Mission: To promote the appreciation of wildlife and increase harmony between humanity and nature.

On Instagram and Twitter: @unionbaywatch

Saturday, August 25, 2012

Fledgling - First Flight

Early in August the older eaglet, Beatrice, first flew. There have been no documented photos of Beatrice since she left the nest. The US Fish & Wildlife stated that in early August there have been no reported cases of injured eagles in the Seattle area. So even though we do not know where Beatrice is, we have reason to hope that she is healthy. Apparently she is also a quick study. It seems she must have she learned to hunt in short order, since she does not appear to return to her parents for food.

Last week the younger eaglet, Eleanor, with great calm and serenity, finally learned to fly. This was unlike Beatrice who practically bounced all over the nesting tree prior to flying. Eleanor also differs from Beatrice in that she frequently returns to the nest. She has been seen leaving the nest early in the morning (sometimes after being fed by one of the parents) and returning around dusk. Often one or both of the parents have been seen near 520 just before dusk and sometimes one will also return to the nesting tree.

The first known photo of Eleanor in flight occurred as she circled from a branch in the nesting tree back to the nest. This all started with a small clump of twigs, which Eleanor decided to attack. She leaped and landed half in the twigs and half on the branch.

This was apparently not the desired result. Her second attack was in a more committed fashion. She landed with her full body weight on the twigs. They broke free of the branch and suddenly Eleanor was in the air, gliding serenely and circling slowly to the nest.

With the twig firmly “in hand” her sprinkling of youthful, light-colored feathers created a startling contrast against her dark wings. In four or five years when Eleanor matures the light feathers under her wings will be gone, the dark feathers on her head and tail will have been replaced by white ones and her beak will have turned bright yellow.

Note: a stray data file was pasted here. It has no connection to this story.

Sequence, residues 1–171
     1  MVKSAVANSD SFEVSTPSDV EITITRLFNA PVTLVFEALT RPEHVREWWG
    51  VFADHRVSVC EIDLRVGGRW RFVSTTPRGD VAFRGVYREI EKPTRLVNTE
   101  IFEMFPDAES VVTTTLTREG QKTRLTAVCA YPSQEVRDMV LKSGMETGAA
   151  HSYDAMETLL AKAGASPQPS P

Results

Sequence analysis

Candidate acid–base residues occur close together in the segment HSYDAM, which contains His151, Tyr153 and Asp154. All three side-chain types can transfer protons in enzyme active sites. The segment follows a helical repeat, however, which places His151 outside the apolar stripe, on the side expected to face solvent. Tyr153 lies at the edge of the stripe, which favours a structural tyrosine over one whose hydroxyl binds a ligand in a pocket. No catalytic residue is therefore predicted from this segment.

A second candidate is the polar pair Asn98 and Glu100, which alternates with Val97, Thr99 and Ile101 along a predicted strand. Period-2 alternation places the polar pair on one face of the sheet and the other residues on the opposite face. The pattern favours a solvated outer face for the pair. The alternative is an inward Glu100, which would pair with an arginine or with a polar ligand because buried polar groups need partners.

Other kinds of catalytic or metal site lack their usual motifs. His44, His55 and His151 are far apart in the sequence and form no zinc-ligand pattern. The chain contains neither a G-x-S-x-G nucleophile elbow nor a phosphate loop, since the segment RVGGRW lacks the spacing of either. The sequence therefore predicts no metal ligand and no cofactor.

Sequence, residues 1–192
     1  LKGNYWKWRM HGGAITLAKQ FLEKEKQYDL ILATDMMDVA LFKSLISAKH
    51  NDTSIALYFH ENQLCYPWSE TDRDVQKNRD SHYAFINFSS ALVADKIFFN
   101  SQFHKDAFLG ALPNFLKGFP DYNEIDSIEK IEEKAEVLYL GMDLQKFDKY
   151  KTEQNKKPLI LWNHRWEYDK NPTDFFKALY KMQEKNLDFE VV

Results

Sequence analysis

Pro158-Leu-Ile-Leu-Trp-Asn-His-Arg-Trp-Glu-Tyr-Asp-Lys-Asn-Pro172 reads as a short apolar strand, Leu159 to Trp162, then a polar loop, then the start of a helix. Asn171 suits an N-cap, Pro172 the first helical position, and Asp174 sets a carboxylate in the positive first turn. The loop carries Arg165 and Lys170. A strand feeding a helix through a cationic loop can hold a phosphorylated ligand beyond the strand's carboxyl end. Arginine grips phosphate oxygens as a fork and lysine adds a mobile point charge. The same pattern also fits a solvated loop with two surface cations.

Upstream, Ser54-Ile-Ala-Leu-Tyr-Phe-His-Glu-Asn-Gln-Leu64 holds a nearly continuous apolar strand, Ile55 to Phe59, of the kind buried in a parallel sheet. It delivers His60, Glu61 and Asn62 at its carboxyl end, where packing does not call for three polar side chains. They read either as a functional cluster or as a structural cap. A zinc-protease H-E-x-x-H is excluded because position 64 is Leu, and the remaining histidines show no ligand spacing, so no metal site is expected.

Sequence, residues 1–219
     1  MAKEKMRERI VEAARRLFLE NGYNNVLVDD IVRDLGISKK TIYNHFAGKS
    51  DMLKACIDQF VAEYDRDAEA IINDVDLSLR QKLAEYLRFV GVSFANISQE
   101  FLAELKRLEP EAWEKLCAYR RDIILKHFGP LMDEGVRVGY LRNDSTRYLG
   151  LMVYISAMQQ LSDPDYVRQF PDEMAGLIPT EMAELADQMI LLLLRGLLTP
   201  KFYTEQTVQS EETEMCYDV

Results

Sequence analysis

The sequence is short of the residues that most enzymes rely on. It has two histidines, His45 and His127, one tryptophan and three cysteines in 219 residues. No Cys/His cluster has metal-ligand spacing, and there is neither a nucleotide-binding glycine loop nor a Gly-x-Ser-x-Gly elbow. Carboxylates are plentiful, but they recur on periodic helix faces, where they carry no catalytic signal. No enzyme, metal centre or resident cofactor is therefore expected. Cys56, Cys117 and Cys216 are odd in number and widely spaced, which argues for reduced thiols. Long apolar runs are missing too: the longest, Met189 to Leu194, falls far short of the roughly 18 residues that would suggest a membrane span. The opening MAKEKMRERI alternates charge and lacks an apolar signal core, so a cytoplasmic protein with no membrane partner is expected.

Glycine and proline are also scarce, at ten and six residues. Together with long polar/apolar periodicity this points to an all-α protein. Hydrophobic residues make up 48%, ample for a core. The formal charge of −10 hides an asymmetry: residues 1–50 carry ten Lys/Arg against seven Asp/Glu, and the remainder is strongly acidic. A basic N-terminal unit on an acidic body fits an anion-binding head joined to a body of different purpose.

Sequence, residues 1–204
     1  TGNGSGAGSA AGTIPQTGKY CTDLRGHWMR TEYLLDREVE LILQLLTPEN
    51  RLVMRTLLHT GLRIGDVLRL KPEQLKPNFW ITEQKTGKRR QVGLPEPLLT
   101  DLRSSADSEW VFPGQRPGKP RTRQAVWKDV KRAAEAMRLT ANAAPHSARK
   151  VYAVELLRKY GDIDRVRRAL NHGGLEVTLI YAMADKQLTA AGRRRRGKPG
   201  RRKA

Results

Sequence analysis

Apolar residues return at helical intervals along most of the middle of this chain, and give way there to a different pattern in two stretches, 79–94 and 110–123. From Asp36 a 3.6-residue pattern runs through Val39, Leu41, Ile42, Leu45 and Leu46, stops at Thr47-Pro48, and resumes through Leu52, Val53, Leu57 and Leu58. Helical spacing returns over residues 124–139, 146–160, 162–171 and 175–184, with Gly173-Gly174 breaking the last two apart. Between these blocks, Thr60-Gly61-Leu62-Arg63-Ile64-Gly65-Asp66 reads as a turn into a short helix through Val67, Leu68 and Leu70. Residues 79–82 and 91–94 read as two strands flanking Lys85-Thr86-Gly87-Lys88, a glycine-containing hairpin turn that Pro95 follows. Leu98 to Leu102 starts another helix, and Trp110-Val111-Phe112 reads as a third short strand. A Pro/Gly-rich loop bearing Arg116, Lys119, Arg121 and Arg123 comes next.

With maturity being years in the future is the nesting instinct so strong that she feels compelled to return the twigs to the nest at an age of 12 to 13 weeks? It is amazing to think that a bird, which could live for more than 25 years, has hatched out and grown to size of her parents in less than 3 months. This is basically the equivalent of a nine-month-old baby growing to the size of an adult human. By the time she is 6 months old, the equivalent of one and a half in human years, she will need to be totally self-supporting. (If this timing worked for humans it might reduce the cost of raising children, however it might create a few other issues.)

Please keep your eyes open on 520 north of Broadmoor and on Lake Washington near Madison Park. It is fairly common to see the adult eagles, but watch to see if you can spot the dark-headed, Eleanor. The last time she was spotted leaving the nest she headed south, but where she goes remains a mystery.

Good Luck!



  1. Larry, I love this post. I feel attached to the eaglets despite never having seen them at this location. Thank you for your consistent documentation and concern for their well-being. I especially love your comment about the rate of their growth. That precise thought struck me, too, as I was photographing the Ballard Locks Osprey juvies through their transitions. Safe flight wishes to Eleanor, and safe travel wishes to Beatrice. I truly hope she is well.

  2. Thank you for the kind words. They certainly grow up and leave home quickly. It must be a critical survival trait. Thanks again!

  3. Love the blog, keep up the good work!